The Talmud (Hebrew תלמוד) "instruction learning", has two components: the Mishnah (c. 200 CE) and the Gemara (c. 500 CE). The Talmud Bavli consists of documents compiled over the period of late antiquity (3rd to 5th centries) and representing the culmination of more than 300 years of analysis of the Mishnah in the babylonian Academics: Sura' Nahardea and Pompaditha.
Originally, Jewish scholarship was oral Rabbis expounded and debated the law and discussed theTanakh without the benefit of written works (other than Biblical books themselves). As the Rabbis were required to face a new reality - mainly Judaism without a Temple (to serve as the center of teaching and study) and Judea ,without at least, partial autonomy - there was a flurry of legal discourse began to be recorded in writing (Strack, Herman, 1945).
Traditionally Talmudic statements are classified into two broad categories, "halakhic"and "aggadic" statements. Halakhic statements directly relate to questions of Jewish law and practice (Halakha). Aggadic statements are not legally related, but rather are homiletical ethical, or historical in nature (Goodblatt, 1977).
Tradition ascribes the compilation of the Babylionian Talmud in its present form to two Babylonian sages, Rav Ashi and Ravina. Rav Ashi was president of the Sura Academy from 375 to 427 CE. The work begun by Rav Ashi was completed by Ravina, who is traditionally regarded as the final Amoraic expounder. Since the Mishnah quoted and embedded in Hebrew , that Hebrew constitutes somewhat less than half of the Talmud. The rest, including the discussions of the Amoraim and the overall framework, is in a characteristic dialect of Jewish Babylonian Aramaic (Encyclopedia Talmudica, vol. 2, pp.345-347). The talmud contains the opinions of thousands of rabbis, many of them left unnamed, on variety of subjects, including law, ethics, moral and natural science, medicine, philosophy, customs, history, mathematics, astronomy, theology, lore, legend, folklore, and other topics.
Next to the Bible, the Talmud is considered the most important product of the Jewish mind. There were, indeed , periods in their history when Jews paid more attention to the Talmud than the Bible, looking upon it as what one modern historian called "the Bible in action" (Rejwan, 1985).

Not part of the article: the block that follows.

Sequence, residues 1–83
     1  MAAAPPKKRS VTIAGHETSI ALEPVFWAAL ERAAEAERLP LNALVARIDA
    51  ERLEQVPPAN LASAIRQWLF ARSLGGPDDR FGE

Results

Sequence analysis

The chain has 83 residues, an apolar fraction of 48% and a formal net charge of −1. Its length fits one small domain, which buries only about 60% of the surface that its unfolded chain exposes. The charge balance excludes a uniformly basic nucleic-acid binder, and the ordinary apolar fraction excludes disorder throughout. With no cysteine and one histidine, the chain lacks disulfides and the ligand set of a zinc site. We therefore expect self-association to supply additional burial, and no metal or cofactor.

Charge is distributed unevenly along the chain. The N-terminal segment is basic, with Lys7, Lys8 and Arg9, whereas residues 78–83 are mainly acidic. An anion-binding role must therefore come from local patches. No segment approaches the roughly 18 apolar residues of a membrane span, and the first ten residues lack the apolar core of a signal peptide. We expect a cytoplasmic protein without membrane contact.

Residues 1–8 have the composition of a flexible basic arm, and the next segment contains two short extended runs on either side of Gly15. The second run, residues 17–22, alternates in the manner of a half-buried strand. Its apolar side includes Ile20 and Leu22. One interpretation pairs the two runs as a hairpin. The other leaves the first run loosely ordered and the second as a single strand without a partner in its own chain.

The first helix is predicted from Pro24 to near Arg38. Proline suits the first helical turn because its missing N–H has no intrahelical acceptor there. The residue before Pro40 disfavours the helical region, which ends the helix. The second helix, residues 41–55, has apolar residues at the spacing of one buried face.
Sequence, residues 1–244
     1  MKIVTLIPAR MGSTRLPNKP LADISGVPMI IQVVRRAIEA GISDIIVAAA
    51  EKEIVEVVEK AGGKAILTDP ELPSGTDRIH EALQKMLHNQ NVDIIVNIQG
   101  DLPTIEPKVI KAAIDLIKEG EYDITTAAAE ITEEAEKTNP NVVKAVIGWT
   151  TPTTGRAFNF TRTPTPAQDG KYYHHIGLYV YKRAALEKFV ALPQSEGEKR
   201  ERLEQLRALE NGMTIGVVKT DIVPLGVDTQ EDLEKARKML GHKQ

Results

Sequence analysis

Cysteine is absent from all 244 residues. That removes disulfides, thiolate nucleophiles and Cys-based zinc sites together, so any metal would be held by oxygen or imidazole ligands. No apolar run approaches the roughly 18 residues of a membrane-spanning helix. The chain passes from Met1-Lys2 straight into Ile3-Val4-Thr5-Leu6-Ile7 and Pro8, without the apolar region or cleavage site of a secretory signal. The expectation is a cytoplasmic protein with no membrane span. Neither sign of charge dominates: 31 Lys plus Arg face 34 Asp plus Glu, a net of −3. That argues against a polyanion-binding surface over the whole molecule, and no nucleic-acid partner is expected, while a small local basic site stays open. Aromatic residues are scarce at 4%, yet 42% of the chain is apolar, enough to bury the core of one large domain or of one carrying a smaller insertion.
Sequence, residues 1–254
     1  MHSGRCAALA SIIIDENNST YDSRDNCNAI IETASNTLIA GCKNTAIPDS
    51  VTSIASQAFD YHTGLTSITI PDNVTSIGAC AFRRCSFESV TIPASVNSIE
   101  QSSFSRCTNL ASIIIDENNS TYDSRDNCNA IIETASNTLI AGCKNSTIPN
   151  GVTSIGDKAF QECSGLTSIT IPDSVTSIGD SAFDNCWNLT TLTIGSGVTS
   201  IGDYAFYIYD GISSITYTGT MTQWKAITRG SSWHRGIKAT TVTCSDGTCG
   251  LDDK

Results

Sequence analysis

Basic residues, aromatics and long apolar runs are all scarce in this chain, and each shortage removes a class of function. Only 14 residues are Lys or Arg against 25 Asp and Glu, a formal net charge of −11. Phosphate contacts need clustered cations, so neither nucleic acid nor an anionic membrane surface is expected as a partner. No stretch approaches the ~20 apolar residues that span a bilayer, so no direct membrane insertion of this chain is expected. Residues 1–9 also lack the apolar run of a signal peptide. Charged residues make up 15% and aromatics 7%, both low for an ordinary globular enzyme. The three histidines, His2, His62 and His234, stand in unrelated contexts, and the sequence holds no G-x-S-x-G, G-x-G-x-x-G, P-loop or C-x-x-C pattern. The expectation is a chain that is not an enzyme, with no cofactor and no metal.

Jerusalem Talmud (Talmud Yerushalmi)
The Jerusalem Talmud was one pf the the two qualification of Jewish religious teachings and commentary that was transmitted orally for centuries prior to its compilation by Jewish scholars in Israel. It is a compilation of teachings of the schools of Tiberias, Sepphoris and Caesarea.
There are significant differences between the two Talmud compilations. The language of the Jerusalem Talmud is a western Aramaic dialect, which differs from the form of Aramaic in the Babylonian Talmud. the Talmud Yerushalmi is often fragmentary and difficult to read, even for experienced Talmudists. The reduction of The Talmud Bavli, on the other hand, is more careful and precious.
The Jerusalem Talmud has not received much attention from commentators, and such traditional commentaries as exist are mostly concerned with comparing its teachings to those of the Talmud. The text of Jerusalem Talmud is evidently incomplete and is not easy to follow. The Babylonian version contains the opinions of more generations, because of its later date of completion. For these reasons, it is regarded as a more comprehensive collection of the opinions available.
A new edition of the Talmud Bavli was printed by Menachem Roman of Villna, known as the "Vilna Shas". This edition has been used in the production of more recent editions of Talmud Bavli. Another edition aimed at bringing The Talmud to a wider audience, is the Steinsaltz Talmud, which contains the text with punctuation, detailed explanations and a modern Hebrew translation.